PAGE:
Know Your Rights When It Comes to Prolonged DUI Detentions


When a DUI defendant is detained without probable cause for an arrest while a "special drunk driving expert" is called to administer the field sobriety tests, if the delay until the expert arrives is too long, the extended detention without probable cause violates the Fourth Amendment and could result in a dismissal of your DUI charges. A Motion to Suppress is the prime vehicle with which to effectuate such a dismissal of your Orange County DUI case.

Regaring Prolonged DUI Detentions, an investigative detention must be temporary and last no longer than is necessary to effectuate the purpose of the stop. In U.S. v. Sharpe (1985) 470 U.S. 675, the court held that a 20-minute delay during an investigative stop was not unreasonable. Stating that there is no “bright line” rule, the court defined the standard as: “whether the police diligently pursued a means of investigation that was likely to confirm or dispel their suspicions quickly, during which time it was necessary to detain the defendant.” [California cases are People v. Gomez (2004) 117 Cal.App.4th 531—A delay of over one hour to obtain a K-9 unit to do a narcotics search of an automobile constituted an illegal detention. The denial of the defendant’s suppression motion was nonetheless upheld due to the fact that the court found the officer had probable cause to make what the court termed was a de facto arrest. People v. Gorak (1987) 196 Cal.App.3d 1032—20-minute delay for drug influence expert was okay; and People v. Dasilva (1989) 207 Cal.App.3d 43—20-to-25-minute delay to check out-of-state registration was O.K.; also see U.S. v. $191, 910 in U.S. Currency (1991) 772 F.Supp. 473.]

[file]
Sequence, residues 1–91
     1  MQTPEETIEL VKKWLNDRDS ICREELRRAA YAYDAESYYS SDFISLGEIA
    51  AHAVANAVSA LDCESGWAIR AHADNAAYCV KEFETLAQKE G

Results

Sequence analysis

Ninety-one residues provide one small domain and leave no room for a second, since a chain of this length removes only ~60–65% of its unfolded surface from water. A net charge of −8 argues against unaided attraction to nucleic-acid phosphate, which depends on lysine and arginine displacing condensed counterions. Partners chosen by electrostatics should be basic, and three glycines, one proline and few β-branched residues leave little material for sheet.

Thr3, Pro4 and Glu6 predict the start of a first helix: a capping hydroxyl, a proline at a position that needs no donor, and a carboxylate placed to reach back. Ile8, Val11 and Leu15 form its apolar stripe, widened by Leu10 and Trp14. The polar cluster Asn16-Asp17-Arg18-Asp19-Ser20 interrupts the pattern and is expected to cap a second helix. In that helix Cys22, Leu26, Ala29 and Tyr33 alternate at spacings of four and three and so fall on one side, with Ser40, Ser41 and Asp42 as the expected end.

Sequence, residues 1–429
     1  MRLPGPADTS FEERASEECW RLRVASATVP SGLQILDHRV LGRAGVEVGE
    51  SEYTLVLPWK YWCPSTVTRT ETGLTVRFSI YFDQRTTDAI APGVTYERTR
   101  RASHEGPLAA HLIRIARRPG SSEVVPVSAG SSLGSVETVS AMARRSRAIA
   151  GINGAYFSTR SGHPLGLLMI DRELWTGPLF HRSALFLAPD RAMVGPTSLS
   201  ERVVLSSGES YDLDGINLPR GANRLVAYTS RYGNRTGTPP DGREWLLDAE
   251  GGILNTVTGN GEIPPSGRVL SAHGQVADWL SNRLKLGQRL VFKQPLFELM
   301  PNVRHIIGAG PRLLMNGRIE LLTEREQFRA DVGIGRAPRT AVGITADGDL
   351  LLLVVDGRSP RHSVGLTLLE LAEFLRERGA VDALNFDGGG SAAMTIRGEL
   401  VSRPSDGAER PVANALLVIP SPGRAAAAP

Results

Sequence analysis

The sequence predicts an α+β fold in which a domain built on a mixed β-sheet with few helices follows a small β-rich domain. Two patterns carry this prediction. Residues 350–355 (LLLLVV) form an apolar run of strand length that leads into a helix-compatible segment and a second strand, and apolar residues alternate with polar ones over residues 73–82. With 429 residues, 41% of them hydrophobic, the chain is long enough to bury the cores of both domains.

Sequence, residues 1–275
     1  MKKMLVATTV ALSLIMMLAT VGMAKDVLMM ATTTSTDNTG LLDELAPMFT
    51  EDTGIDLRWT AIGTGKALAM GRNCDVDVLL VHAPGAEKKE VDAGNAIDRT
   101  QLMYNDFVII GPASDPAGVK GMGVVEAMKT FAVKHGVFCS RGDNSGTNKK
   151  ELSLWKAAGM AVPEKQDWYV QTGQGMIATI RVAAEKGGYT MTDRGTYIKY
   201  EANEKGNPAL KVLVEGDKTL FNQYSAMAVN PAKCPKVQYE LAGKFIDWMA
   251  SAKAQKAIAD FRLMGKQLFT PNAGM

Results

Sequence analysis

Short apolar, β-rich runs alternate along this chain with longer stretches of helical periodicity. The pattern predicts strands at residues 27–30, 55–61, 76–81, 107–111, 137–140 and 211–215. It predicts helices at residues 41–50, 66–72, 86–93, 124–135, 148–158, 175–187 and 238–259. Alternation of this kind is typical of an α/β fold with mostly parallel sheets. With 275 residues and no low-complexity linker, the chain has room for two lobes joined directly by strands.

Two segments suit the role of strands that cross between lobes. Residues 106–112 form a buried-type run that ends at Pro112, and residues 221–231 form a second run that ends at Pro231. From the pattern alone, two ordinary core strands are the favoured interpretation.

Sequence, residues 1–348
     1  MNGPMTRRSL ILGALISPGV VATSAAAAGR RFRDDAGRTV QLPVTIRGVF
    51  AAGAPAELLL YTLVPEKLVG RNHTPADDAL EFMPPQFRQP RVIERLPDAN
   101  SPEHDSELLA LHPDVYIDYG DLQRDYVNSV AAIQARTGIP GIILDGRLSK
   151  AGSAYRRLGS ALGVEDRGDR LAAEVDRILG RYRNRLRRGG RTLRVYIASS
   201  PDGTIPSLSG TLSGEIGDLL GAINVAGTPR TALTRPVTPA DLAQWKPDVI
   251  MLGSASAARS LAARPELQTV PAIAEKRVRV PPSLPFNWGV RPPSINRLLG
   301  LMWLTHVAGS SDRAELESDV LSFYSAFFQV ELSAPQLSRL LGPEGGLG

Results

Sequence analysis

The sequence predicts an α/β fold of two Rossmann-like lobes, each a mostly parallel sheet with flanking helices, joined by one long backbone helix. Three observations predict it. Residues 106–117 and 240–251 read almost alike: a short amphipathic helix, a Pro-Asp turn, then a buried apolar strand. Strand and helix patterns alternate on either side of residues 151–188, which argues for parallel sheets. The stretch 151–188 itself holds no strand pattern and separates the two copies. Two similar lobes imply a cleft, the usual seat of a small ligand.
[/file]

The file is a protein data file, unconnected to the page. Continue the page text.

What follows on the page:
If you were arrested for DUI in Orange County and feel that you were the subject of a prolonged DUI detention, contact Peter F. Iocona, Attorney at Law for a free DUI Consultation and Case Evaluation and to discuss any legal and/or factual defenses that may exist as a result of a prolonged DUI Detention.